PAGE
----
A quasi user friendly method of archiving tweets using the twitter search API.It's a set of python scripts that you can easily use to create an sqlite3 database of tweets via a cronjob. This is useful because you can't get back old tweets without some $$$. Therefore the easiest alternative is to archive them in real time. What if you don't want to program it all yourself? Well
TweetDB is here to help.
Start by cloning the repo to your local machine.
git clone https://github.com/emhart/tweetDB.git
First to access Twitter you'll need to get your App Key and App Secret. To keep these protected I store them in a separate text file. It's called credentials.txt. You'll first have to edit that file.
The workhorse of this function is
tweetDB.sh, a bash shell script that will create an SQLite3 database, and search for your twitter results. Usage is:
bash tweetDB.sh <databaseName> <searchString>
This will create a database with the given name, search for your search string and store all results in a table called 'tweets'
So if you want to search for tweets from the annual Ecological Society of America meeting simply use the following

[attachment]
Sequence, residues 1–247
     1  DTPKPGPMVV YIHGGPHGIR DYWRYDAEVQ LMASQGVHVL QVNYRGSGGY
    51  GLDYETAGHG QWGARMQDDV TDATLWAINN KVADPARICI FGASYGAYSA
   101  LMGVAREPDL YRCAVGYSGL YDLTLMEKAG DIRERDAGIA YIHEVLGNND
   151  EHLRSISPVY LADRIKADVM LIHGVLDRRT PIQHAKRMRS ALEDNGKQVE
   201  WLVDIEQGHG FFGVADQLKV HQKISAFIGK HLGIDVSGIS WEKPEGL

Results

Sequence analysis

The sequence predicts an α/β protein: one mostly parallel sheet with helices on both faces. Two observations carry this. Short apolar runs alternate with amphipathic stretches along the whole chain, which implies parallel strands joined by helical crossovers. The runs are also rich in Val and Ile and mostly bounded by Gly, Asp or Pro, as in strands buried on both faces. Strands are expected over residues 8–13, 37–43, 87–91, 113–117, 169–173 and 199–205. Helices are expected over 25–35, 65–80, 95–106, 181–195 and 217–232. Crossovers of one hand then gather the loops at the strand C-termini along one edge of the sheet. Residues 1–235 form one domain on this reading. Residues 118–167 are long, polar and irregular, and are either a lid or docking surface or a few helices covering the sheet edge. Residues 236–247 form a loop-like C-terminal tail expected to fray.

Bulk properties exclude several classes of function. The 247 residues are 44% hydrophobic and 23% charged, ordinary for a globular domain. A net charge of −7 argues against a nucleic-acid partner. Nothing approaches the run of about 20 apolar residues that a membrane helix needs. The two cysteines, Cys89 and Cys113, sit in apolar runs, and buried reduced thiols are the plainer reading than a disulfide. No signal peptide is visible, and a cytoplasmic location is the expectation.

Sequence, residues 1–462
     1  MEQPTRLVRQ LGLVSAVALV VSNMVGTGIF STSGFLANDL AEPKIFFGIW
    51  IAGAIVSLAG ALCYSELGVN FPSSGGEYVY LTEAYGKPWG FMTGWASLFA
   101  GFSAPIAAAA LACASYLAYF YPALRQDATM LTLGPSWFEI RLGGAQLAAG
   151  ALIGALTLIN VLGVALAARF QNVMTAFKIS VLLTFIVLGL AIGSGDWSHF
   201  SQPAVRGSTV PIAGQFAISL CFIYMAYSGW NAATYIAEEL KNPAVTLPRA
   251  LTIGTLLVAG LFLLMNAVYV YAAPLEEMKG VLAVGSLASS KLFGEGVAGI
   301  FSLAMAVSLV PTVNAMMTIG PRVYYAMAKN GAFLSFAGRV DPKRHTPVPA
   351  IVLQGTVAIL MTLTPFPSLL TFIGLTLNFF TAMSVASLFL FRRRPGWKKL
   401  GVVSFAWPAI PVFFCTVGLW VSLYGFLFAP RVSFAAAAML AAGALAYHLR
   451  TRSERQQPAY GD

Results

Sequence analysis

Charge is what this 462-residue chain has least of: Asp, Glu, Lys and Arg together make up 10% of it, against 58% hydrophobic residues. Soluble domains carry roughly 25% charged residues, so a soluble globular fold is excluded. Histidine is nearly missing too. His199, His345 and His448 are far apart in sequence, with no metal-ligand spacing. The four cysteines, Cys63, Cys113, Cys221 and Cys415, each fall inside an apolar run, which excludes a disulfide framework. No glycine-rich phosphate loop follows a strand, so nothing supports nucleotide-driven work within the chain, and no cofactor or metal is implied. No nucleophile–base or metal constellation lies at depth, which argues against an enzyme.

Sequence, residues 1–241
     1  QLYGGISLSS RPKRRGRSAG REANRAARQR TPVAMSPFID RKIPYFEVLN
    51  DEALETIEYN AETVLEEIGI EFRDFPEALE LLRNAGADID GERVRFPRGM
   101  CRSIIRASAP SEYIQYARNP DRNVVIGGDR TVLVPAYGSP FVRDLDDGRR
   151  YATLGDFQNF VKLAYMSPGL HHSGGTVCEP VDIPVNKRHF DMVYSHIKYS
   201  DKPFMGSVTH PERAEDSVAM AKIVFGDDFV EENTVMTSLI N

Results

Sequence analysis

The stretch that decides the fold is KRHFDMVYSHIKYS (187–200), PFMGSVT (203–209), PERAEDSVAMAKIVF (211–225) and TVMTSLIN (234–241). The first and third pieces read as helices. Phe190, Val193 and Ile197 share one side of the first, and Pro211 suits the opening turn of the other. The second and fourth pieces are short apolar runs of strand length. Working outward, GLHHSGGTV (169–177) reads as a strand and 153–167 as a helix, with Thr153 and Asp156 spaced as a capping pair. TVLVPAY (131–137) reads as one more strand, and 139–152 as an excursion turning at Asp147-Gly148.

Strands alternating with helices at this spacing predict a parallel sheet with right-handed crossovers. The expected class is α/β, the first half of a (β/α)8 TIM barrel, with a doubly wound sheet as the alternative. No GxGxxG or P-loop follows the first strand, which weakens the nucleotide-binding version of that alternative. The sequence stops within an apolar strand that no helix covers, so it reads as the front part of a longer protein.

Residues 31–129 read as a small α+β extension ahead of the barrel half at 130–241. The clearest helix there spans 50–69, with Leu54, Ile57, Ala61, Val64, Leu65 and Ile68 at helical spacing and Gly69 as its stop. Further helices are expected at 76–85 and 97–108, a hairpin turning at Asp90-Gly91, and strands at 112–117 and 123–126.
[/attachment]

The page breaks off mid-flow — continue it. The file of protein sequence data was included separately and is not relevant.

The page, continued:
bash tweetDB.sh ESA2014 "#ESA2014"
That will create a database called ESA2014, and store all results for the hashtag. Because hashtags use the '#' symbol, these searches need to be in quotes.
If you want to archive tweets over the course of a meeting or other specific time period this is easily done with a cron job. Simply edit your crontab file with
crontab -e. To archive tweets from the ESA2014 meeting I used the following script crontab.
00 07-20 * * * /home/NEON/thart/tweetDB/tweetDB.sh ESA2014 "#ESA2014"
This ran the search every hour between 7 am and 8 pm.
So now you can easily archive any meeting hashtag for your own analysis later on at your convenience.
Happy twitter archiving.